Scientists said on Monday that they had
found the first direct evidence linking the collapse of an ice
shelf in Antarctica to global warming widely blamed on human
Shifts in winds whipping around the southern Ocean, tied to
human emissions of greenhouse gases, had warmed the Antarctic
peninsula jutting up toward South America and contributed to
the break-up of the Larsen B ice shelf in 2002, they said.
A view of the breakup of the northern section of the Larsen B ice shelf is seen in an image taken from NASA's Moderate-resolution Imaging SpectroRadiometer satellite. Scientists said on Monday that they had found the first direct evidence linking the collapse of an ice shelf in Antarctica to global warming widely blamed on human activities. (Handout/Reuters)
"This is the first time that anyone has been able to
demonstrate a physical process directly linking the break-up of
the Larsen Ice Shelf to human activity," said Gareth Marshall,
lead author of the study at the British Antarctic Survey.
The chunk that collapsed into the Weddell Sea in 2002 was
3,250 sq kms (1,255 sq miles), bigger than Luxembourg or the
U.S. state of Rhode Island.
Most climate experts say greenhouse gases, mainly from
fossil fuels burned in power plants, factories and cars, are
warming the globe and could bring more erosion, floods or
rising seas. They are wary of linking individual events -- such
as a heatwave or a storm -- to warming.
But the British and Belgian scientists, writing in the
Journal of Climate, said there was evidence that global warming
and a thinning of the ozone layer over Antarctica, caused by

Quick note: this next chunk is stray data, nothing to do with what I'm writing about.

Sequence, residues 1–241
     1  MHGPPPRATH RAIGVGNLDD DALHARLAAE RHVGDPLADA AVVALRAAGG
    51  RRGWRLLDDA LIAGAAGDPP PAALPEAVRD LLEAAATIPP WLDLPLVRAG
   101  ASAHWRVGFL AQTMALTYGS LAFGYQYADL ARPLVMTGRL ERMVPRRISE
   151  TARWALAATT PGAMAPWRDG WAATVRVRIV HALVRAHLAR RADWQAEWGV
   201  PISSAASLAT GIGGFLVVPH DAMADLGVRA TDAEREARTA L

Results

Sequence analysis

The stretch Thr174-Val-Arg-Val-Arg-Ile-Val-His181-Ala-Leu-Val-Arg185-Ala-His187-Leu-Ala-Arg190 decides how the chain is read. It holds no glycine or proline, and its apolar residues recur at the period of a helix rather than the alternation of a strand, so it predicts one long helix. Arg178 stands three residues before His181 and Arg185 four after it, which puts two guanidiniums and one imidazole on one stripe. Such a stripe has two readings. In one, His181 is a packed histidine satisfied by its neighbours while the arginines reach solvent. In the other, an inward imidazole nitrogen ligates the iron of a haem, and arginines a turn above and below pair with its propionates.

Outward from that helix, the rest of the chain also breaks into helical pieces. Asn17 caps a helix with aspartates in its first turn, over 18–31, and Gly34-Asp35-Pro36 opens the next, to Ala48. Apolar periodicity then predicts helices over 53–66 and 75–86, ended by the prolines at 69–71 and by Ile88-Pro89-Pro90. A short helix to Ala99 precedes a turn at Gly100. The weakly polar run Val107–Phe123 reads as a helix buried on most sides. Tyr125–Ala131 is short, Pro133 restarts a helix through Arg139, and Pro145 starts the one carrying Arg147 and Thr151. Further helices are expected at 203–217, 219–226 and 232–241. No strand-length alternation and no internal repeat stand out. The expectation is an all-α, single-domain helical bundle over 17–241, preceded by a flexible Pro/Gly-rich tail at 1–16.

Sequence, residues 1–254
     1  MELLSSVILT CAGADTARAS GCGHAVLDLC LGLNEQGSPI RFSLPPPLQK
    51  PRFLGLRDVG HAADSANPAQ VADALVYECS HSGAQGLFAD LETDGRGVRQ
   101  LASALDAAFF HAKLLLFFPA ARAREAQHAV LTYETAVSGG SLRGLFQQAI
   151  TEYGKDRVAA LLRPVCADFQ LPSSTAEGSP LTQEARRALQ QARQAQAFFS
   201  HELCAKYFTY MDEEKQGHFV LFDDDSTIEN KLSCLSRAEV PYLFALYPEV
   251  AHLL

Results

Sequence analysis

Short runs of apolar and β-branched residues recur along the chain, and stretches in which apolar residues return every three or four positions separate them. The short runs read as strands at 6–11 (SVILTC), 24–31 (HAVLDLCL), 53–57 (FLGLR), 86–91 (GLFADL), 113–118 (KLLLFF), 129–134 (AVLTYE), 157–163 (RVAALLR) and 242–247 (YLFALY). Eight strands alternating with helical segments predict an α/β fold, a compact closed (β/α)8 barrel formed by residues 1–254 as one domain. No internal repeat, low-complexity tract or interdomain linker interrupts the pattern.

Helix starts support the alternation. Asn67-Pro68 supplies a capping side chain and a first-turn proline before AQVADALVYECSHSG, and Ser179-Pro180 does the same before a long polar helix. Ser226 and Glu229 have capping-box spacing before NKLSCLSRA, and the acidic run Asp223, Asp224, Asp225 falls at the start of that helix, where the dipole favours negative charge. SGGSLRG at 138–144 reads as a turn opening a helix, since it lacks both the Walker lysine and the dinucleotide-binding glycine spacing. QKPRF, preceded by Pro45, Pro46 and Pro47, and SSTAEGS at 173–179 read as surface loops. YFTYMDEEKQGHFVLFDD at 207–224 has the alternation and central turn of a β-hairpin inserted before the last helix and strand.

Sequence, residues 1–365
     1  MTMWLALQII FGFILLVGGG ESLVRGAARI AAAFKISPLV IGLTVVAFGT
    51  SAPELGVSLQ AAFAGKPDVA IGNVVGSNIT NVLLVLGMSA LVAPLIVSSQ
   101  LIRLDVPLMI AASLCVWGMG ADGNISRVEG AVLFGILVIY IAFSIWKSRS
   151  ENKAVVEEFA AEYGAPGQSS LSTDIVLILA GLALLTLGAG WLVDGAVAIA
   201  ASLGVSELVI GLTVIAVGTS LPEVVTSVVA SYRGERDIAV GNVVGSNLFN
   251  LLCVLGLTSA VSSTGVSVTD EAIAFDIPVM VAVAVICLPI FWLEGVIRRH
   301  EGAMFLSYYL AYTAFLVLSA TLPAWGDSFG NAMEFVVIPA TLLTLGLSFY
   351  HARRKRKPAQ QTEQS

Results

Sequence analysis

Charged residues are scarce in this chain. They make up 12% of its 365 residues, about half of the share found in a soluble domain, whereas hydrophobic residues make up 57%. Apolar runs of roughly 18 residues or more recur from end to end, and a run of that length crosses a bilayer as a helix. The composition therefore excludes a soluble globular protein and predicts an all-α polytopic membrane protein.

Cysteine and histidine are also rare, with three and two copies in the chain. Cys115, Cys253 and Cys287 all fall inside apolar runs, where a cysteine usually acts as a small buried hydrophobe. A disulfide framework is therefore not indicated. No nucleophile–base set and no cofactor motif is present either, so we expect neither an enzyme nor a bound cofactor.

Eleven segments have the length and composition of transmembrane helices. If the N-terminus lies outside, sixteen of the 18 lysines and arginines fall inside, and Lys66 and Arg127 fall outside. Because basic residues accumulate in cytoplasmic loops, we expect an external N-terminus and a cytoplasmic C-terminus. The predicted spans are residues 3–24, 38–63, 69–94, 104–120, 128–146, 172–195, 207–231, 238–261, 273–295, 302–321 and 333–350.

human chemicals, had strengthened winds blowing clockwise
The Antarctic peninsula's chain of mountains, about 2,000
meters (6,500 ft) high, used to shield the Larsen ice shelf on
its eastern side from the warmer winds.
"If the westerlies strengthen the number of times that the
warm air gets over the mountain barrier increases quite
dramatically," John King, a co-author of the study at the
British Antarctic Survey, told Reuters.
The average summer temperatures on the north-east of the
Antarctic peninsula had been about 2.2 Celsius (35.96F) over
the past 40 years.
But on summer days when winds swept over the mountains into
the area the air could warm by 5.5 C (9.9 F). And on the
warmest days, temperatures could reach about 10 C (50.00F).
King said temperature records in Antarctica went back only
about 50 years but that there was evidence from sediments on
the seabed -- which differ if covered by ice or open water --
that the Larsen ice shelf had been in place for 5,000 years.
"Further south on the main Antarctic continent temperatures
are pretty stable," he said. "There is no clear direct evidence
of human activity affecting the main area."
The collapse of the Larsen B ice shelf did not raise world
sea levels because the ice was floating. A brimful glass of
water with an ice cube jutting out will not spill if it melts
because ice contracts as it melts.
But King said the removal of the floating ice barrier could
accelerate the flow of land-based glaciers toward the sea, at
least in the short term. That extra ice could raise sea levels.
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